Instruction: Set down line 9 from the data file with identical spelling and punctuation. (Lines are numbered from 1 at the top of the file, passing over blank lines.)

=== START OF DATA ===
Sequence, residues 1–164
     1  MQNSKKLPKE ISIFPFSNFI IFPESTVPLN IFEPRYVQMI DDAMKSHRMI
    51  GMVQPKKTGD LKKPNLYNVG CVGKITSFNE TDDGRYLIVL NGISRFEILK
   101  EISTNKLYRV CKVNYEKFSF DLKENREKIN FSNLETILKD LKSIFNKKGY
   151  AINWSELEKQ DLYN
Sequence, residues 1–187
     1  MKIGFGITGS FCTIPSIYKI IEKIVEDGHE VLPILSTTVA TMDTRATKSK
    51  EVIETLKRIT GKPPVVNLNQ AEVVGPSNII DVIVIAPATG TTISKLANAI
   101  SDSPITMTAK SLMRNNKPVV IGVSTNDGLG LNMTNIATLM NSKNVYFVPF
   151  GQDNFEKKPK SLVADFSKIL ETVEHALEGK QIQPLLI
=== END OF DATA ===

   101  SDSPITMTAK SLMRNNKPVV IGVSTNDGLG LNMTNIATLM NSKNVYFVPF